banner of Methodology for Determining Motorcycle Operator Crash Risk and Alcohol Impairment

4. Research Priorities

Lowest Priority Methodologies

Lowest-Cost Category


Medium-Cost Category

Survey Study

Survey research (other than roadside surveys with BAC testing) was generally considered to be a poor way to gain an understanding of the effects of alcohol on motorcycle operation. The costs would be relatively high while the quality of data to be gained would be suspect because it would depend upon self-reports.

Highest-Cost Category

Geo-General + Fatal Crash Records

This methodology would generate relative risk curves from FARS crash data, and comparison data collected through the use of roadside surveys. This methodology does hold some promise for generating reasonably accurate relative-risk curves (see Zador, 2000), but has been placed at a low priority because it is not likely to produce as scientifically valid results as the other methodologies in this cost category. If it can be determined that this type of study could be conducted for significantly less funding than other studies in this cost category, this methodology could be considered a medium- or high-priority methodology.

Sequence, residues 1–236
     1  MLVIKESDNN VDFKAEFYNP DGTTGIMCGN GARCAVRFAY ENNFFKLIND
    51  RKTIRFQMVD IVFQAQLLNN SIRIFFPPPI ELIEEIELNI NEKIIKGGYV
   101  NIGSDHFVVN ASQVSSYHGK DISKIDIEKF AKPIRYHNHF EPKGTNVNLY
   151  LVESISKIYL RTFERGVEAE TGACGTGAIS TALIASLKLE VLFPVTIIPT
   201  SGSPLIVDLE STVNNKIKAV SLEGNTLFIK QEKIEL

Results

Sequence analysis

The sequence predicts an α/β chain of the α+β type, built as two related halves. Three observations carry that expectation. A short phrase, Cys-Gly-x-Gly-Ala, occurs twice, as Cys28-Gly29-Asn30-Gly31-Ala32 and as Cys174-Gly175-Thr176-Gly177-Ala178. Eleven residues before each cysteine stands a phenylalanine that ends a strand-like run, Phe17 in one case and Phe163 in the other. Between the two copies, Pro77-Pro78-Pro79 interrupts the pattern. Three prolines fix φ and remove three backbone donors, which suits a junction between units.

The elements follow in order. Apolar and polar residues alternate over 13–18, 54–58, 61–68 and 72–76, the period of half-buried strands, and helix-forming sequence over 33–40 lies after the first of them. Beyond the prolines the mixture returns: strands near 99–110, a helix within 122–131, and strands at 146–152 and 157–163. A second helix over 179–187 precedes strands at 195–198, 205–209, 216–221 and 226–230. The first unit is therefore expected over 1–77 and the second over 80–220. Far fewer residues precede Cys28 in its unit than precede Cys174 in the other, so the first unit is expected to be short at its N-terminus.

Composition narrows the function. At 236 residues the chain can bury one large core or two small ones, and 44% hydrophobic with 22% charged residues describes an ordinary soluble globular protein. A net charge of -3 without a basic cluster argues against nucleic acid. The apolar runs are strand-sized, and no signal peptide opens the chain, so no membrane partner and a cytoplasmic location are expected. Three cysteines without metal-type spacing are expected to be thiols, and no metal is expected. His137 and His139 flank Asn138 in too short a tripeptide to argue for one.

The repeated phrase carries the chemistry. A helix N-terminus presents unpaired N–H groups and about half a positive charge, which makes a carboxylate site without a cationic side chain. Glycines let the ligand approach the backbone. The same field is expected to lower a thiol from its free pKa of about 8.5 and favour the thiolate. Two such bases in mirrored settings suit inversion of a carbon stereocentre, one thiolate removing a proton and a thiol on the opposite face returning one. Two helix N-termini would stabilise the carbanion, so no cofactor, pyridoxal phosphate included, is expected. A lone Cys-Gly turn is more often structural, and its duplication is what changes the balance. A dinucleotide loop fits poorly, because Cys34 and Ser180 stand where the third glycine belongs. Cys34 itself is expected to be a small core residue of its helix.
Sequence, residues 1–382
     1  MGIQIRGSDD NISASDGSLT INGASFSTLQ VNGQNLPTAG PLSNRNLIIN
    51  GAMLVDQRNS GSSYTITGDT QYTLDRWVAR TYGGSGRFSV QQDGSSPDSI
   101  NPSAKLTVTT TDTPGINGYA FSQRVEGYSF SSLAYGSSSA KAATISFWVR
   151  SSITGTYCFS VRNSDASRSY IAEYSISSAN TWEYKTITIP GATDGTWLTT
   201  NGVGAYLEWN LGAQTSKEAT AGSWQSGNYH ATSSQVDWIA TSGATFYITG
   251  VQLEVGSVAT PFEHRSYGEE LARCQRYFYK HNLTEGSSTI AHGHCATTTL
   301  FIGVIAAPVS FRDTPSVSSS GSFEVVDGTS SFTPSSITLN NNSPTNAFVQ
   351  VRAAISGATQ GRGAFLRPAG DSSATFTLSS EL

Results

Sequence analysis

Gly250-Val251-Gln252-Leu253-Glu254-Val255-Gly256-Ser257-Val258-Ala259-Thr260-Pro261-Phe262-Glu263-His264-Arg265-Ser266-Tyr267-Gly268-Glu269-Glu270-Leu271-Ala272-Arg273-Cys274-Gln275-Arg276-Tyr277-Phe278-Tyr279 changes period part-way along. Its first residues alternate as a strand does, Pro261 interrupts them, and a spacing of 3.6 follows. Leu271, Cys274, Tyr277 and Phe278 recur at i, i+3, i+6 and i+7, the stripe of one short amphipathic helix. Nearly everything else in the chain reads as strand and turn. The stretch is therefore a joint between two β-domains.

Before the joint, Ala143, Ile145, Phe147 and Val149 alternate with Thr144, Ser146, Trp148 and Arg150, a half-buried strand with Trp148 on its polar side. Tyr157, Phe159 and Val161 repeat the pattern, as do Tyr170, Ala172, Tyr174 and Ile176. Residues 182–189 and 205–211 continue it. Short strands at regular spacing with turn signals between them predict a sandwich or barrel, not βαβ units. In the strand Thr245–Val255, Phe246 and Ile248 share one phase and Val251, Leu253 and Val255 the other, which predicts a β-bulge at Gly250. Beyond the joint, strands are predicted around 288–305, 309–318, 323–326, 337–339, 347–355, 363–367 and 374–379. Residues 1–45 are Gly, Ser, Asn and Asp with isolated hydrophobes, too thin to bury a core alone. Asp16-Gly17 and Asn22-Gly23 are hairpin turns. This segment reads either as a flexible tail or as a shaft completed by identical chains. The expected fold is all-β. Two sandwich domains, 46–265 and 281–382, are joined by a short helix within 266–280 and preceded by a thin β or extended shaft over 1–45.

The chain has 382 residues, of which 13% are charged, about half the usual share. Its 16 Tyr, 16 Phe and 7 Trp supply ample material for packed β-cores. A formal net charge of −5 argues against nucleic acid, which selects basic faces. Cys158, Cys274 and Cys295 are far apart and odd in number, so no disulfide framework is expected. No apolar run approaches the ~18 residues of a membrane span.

Cohort Study

As was mentioned previously, the cohort study, while being highly valid scientifically, is considered too expensive and would take too long to be practical, and is therefore assigned a low priority.